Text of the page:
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Just a little work blog.

Posts Tagged ‘Zambia’

Celim (photos)

Monday, July 12th, 2010

Another project I photographed while being in Zambia was a farmer’s training in Mazabuka, Southern Province, arranged by CeLIM.
The NGO is recognized by the Italian Ministry of Foreign Affairs and has been based in Zambia since 1982. The main areas of their intervention are: Agriculture; Health; HIV/AIDS; Education; Micro finance; Vocational training; Forestry and Food security. The office in Mazabuka is primarily working on a food facility project aiming the improvement of food security, income generation and socio-economic conditions of small scale farmers through the development of a sustainable and efficient agricultural sector. The project is co-founded by the European Union.
Here are some photo samples from the a conservation farming training in a few village close to Mazabuka:

Photo samples RBZ

Wednesday, May 12th, 2010

While working for READ BEYOND ZAMBIA (RBZ), I was fortunate to also get to join a reading session. Here are some photo samples.


Read Beyond Zambia (RBZ)

Wednesday, May 12th, 2010
BUKU reading club flyer

BUKU reading club flyer.
Click on photo to download.

Buku reading club brochure

Sample page from BUKU brochure.
Click on photo to download.

While in Lusaka, the capital of Zambia, I helped the local NGO READ BEYOND ZAMBIA to improve their visuality and marketing, hopefully helping them aquiring funding and better financial support. The NGO works with literacy projects in areas where children don’t have regular access to books and reading.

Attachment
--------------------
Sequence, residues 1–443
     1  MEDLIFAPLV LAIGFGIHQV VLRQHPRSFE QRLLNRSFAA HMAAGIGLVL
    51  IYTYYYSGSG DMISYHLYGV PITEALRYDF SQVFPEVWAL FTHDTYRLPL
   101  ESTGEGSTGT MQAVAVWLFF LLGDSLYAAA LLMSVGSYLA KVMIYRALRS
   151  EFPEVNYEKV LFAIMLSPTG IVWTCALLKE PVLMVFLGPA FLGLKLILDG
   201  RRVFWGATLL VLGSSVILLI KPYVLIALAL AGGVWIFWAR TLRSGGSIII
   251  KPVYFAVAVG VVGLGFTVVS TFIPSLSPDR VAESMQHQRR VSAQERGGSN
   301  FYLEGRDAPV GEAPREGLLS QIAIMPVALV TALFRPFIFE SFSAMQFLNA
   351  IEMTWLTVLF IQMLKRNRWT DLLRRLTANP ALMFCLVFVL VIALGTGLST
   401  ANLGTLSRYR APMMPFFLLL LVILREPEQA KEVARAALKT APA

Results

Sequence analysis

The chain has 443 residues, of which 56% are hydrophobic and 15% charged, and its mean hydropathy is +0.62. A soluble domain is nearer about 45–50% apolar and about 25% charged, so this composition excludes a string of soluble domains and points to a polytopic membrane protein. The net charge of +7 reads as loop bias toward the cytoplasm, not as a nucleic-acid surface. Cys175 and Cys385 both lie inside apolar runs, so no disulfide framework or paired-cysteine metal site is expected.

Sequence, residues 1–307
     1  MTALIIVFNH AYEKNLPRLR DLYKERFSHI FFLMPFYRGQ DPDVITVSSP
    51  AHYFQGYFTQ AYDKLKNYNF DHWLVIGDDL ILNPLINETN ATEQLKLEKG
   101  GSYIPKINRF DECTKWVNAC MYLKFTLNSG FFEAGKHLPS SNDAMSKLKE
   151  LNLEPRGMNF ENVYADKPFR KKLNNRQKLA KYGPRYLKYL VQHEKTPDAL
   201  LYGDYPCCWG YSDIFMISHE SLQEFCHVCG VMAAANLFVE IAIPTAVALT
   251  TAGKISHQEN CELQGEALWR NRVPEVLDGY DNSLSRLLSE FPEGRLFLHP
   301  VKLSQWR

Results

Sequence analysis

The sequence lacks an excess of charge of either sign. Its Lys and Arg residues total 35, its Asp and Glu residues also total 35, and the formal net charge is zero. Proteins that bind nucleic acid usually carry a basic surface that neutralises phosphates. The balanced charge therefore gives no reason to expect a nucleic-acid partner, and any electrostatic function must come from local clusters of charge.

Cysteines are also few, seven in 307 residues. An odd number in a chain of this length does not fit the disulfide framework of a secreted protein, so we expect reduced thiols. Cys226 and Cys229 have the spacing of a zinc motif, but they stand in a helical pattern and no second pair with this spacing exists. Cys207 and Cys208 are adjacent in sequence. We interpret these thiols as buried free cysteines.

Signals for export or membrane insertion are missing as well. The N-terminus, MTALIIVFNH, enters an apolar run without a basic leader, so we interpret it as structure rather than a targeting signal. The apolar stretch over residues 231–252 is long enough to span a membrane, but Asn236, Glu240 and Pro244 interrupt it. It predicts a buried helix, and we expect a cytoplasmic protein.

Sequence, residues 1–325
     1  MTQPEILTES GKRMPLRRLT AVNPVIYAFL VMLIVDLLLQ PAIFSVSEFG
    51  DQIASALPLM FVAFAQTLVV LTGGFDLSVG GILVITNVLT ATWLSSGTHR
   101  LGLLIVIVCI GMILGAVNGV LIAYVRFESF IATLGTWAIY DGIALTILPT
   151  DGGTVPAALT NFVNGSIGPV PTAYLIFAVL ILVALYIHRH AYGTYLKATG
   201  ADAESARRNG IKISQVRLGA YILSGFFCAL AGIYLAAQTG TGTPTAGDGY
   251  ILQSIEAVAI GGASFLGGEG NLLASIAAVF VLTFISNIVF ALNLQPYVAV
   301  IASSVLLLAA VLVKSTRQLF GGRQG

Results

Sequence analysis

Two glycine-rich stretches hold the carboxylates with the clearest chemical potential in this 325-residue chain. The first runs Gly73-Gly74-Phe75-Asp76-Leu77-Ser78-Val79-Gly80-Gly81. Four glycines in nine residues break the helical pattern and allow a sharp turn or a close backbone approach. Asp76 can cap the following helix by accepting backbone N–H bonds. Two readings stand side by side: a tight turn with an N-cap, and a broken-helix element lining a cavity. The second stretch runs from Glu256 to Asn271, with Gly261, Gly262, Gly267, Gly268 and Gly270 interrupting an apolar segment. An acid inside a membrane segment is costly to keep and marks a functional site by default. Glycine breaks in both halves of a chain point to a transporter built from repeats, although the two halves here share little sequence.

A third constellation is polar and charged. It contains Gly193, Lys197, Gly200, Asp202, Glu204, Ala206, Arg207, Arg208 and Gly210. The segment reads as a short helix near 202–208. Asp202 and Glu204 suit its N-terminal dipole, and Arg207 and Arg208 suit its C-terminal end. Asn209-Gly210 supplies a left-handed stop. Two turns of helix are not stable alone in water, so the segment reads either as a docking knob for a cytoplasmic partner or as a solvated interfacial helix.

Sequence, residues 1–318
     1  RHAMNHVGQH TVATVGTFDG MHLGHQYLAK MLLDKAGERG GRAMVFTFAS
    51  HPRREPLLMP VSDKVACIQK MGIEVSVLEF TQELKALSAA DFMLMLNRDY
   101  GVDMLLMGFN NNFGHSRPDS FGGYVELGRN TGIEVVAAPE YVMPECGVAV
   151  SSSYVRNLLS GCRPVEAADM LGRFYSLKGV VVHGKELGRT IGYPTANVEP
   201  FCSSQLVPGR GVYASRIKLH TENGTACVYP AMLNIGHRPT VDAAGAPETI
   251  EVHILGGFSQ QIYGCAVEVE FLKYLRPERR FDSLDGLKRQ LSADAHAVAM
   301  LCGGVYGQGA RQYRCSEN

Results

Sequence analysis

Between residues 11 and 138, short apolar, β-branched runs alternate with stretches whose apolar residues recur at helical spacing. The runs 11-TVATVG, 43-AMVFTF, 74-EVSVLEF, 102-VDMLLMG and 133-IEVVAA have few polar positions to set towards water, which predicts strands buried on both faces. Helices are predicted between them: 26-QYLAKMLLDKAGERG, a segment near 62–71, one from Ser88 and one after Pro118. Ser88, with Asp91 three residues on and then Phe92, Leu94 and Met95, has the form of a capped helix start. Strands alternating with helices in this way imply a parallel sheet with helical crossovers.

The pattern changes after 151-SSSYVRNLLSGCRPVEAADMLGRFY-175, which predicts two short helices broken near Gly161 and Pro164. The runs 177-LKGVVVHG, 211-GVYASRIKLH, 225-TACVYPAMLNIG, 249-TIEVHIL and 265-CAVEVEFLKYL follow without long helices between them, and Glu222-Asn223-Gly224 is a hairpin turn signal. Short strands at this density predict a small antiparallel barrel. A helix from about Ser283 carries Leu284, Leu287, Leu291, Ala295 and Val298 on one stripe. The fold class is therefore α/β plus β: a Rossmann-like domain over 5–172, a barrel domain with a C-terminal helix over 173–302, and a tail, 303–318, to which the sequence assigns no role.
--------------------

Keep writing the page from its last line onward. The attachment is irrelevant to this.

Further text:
The daily life of most of the families is mostly about earning enough to make their living, and often the children have to help, so they don’t regulary go to school. The BUKU Club organises reading sessions at a communal school in Kalingalinga, Lusaka, every Friday. Communal schools try to give children a possibility to go to school without paying any school fees. Unfortunately, they rarely get any financial support, and most of the teachers are from the community and work for free. The financial struggle makes it almost impossible for them to provide books or other school material for the children.

A visit to one of their reading sessions, made me very happy and surprised. Never before, I’ve seen children getting so happy by reading a book, even though it’s a big challenge for most of them as they often didn’t learn to read in their early childhood.

I like the idea of the BUKU Club. It’s a local project which tries to get support from the local middle class. The idea is that members of the club can choose to support the projects with a monthly subscription of giving a very little amount (approx. worth a package of minced meat).